Winning Coffee — a coffee shop located in the University of New Mexico area — will be closing its doors after 24 years of business. 

Matt Jacobsen, a partner at Winning, said they were hoping to keep the store open until the end of the month, but it's much more likely they will be closing their doors one last time on April 20. 

On Sunday, baristas were informing customers that it would be the last Sunday the shop would be open. 



Jacobsen told the Daily Lobo that the restaurant, which serves coffee and baked goods, needs to bring in about $4,000 to $5,000 more per month in order to stay afloat. 

“That’s how far behind we are,” he said. 

Jacobsen said the reasons for Winning’s closure centers around what he called “the new normal.” This includes the construction of the Albuquerque Rapid Transit line, with a stop that prevents drivers from turning left onto Harvard Drive, where Winning is located. He also pointed to rising crime in the area and lack of free parking as contributing factors, adding that other businesses in the area are facing similar issues. 

Winning Coffee first opened in 1995 under the name Uncommon Grounds, and later changed its name under new management. Jacobsen said the shop has gone through five different managements since he began working there in 1997, something he said has contributed to Winning’s current state. 

“This place is still stuck in the 1990s,” Jacobsen said. “Not a single person was able to put money back into this place.”

Jacobsen said that he, along with his father Chris, have worked on improving the shop, but the actions of previous owners have made that difficult. He said the place is in desperate need of a facelift, adding that “it isn’t necessarily the cleanest place right now just in the way it looks.”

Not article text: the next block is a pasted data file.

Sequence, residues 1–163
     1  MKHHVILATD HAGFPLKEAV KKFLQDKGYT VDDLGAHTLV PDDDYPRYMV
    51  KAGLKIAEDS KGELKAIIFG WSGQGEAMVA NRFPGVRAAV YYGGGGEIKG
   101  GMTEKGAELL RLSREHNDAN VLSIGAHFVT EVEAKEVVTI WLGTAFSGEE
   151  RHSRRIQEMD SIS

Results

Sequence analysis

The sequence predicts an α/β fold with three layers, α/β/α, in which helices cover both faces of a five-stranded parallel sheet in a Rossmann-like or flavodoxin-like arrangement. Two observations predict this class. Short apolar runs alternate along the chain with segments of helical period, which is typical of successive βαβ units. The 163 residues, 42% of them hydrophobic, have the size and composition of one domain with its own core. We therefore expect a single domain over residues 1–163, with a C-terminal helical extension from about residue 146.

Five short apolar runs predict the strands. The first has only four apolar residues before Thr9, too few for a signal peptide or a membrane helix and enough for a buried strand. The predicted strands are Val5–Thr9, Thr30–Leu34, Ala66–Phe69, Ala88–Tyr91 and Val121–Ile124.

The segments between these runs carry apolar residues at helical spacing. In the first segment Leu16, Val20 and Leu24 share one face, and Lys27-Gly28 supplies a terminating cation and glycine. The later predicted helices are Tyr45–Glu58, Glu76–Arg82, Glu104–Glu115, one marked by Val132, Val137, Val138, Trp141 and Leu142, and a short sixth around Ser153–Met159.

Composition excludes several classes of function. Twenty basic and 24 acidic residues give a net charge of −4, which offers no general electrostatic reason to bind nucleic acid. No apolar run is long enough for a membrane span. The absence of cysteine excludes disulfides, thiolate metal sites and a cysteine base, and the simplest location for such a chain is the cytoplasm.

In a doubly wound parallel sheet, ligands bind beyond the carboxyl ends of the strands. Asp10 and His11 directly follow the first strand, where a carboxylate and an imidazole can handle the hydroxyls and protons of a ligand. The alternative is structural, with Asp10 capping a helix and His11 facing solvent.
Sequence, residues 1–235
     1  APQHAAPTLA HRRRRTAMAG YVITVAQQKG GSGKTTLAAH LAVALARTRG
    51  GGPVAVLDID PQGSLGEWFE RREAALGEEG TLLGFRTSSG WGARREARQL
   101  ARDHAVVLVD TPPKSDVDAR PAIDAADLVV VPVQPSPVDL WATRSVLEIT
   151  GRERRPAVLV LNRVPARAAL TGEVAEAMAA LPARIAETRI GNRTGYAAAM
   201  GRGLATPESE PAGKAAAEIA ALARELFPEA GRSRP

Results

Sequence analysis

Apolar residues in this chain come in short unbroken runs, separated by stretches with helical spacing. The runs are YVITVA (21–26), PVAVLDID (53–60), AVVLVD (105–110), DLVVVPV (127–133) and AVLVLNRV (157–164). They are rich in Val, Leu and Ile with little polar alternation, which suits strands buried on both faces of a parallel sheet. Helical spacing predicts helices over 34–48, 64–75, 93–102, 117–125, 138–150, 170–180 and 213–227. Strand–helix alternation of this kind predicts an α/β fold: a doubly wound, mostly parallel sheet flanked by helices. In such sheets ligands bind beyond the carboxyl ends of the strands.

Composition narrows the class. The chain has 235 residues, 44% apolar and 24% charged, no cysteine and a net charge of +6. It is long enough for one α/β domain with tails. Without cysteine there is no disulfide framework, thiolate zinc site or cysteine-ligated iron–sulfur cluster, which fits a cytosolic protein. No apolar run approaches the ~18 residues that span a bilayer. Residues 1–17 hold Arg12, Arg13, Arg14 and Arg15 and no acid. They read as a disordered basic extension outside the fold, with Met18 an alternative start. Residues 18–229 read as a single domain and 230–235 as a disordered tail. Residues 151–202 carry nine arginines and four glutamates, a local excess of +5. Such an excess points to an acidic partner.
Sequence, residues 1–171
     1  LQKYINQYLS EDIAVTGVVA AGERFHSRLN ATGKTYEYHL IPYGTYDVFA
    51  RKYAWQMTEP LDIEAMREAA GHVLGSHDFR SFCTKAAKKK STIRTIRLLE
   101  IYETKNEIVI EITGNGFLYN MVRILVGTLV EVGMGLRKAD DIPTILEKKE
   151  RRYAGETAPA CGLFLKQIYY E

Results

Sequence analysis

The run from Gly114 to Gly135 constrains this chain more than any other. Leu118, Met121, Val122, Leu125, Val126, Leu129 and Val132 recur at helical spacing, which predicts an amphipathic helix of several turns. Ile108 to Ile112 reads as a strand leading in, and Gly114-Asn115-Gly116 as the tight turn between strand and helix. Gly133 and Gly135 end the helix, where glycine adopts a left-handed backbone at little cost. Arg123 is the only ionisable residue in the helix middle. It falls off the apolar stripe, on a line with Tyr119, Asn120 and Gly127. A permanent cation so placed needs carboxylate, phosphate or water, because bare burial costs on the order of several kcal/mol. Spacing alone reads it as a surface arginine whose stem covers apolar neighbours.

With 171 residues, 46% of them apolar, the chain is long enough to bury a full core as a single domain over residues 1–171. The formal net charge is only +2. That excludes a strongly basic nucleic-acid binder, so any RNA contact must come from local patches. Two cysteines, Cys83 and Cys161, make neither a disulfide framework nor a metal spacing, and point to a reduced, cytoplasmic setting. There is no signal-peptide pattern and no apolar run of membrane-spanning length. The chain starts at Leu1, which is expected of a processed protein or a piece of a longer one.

However, he said the money for a facelift simply isn’t there, citing a recently-raised rent of $4,700 as a main primary cause. 

The store has nearly closed twice before, the first time being when money was tied up in a bagel shop that was connected to Winning. Both times the store was saved on its final day by investors. Jacobsen said he is not ruling out the same thing happening a third time. 

Camilla Allison, a UNM alumna and employee at Winning for two years, said it is a blow for the community for the shop to be closing. 

“There’s really no other place like this in town,” Allison said. “I don’t know what all the offbeat people are gonna do…I’m not gonna go to Starbucks.” 

Winning currently hosts a variety of community events, including musical shows and poetry readings. An event was held last Saturday with Goddess of Arno, a local Balkan dance group, which Jacobsen said was attended by over 50 people. 

“It was a beautiful $1,800 night, and it still wasn’t enough,” Jacobsen said. 

He also said a new coffee shop might open up in Winning’s place, but that he is unsure if it would still have a kitchen. He said that losing Winning will have an adverse effect on the community, saying the shop has been "an institutional hub" for the area.

“When I look around here, I’m seeing customers…that have been around since it was Uncommon Grounds,” Jacobsen said.

Jacobsen said he remains optimistic, in spite of his workplace of 22 years closing down. 

“Our heads are still high. I’m here still trying to figure out how to make things like this work,” he said. “I’ll more than likely still try to figure out how to make it work even after the doors are closed.”

On Winning Coffee’s final Sunday in business, Jacobsen could be seen showing children how he roasts the coffee beans in a large golden roaster in the corner of the store as dozens of customers typed on computers and conversed with one another, taking short breaks to sip on their coffee. 

Anthony Jackson contributed reporting to this article.

Kyle Land is the editor-in-chief of the Daily Lobo. He can be contacted by email at editorinhief@dailylobo.com or on Twitter @kyleoftheland.